Gilane Tawadros: In addressing the keywords ‘communication and development’ in a global context, we need to distinguish between communications for and on behalf of a globalized capital economy and other types. The former tends to be homo¬genous emerging principally from financial and political power centres. Its forms are largely unilateral. Although they might be inflected with different accents, capital enterprises have been ingenious with inflecting communications so they can apparently speak to and ‘fit in’ with different spaces and places, they arenonetheless particular messages with predetermined outcomes within the global economy. Some art practices, on the other hand, create possibilities for another kind of communication:a space, in my view, about dialogue and exchange rather than something one-way. Contemporary art is not always clear- cut or transparent, nor is it homogenous or unilateral.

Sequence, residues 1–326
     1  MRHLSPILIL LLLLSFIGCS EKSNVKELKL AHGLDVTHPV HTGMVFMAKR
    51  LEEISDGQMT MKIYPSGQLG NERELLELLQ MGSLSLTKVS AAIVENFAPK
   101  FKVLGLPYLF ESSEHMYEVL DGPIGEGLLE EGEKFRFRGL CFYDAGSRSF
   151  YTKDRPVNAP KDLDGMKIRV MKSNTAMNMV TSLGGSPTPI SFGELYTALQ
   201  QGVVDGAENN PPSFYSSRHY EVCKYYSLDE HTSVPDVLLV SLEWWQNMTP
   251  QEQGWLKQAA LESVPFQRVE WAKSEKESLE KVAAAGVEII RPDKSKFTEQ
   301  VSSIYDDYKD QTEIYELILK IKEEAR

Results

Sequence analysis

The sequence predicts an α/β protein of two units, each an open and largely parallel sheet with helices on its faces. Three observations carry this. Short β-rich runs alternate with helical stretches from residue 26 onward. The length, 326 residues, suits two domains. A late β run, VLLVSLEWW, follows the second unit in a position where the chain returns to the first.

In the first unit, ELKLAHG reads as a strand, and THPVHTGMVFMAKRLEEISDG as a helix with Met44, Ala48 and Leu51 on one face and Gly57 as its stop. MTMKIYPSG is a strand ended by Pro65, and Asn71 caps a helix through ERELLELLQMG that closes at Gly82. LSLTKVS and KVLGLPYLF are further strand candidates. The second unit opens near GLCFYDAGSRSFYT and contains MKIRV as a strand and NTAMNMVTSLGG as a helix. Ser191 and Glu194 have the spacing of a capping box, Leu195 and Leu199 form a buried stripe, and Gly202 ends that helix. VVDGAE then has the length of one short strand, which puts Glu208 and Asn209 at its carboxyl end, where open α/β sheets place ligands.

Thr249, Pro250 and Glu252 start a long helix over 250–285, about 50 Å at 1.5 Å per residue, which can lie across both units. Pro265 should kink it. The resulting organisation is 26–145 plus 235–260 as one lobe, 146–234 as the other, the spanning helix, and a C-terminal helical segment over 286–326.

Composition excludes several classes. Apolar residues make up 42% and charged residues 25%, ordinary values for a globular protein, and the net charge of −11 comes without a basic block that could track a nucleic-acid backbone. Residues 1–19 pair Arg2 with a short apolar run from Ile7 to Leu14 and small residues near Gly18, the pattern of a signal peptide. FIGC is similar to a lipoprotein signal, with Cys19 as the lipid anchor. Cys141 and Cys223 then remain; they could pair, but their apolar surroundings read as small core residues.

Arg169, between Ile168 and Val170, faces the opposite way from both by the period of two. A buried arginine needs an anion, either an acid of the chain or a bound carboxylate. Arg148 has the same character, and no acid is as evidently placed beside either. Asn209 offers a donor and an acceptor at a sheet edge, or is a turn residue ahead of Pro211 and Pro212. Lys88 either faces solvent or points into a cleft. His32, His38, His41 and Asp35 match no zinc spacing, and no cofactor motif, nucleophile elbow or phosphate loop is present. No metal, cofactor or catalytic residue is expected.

For example, in Moataz Nasr’s installation One Ear of Dough, One Ear of Clay (2001), the video piece depicts ordinary Egyptians in the street, hunching their shoulders. The gestureis repeated over and over by individuals of various ages, genders and social class, a colloquial physical gesture, a shrug that suggests: ‘So what can I do about it? That’s just the way it is.’ The work comments on political apathy questioning why people with a history of political engagement are not as involved politically at this juncture. In his installation Tabla (VeniceBiennale, 2003), a huge video screen depicting a drummer playing on a traditional Egyptian drum, or tabla, dominates the space. We don’t see his face or head, just the tabla clutchedbetween his legs and his hands beating out a powerful, continuous rhythm. The sound ricochets through the exhibition scattered with tablas of varying sizes, like a geographical map ofthe Nile Delta. It’s deafening, relentless. You register the work acoustically before you read it visually, as the sound of difference.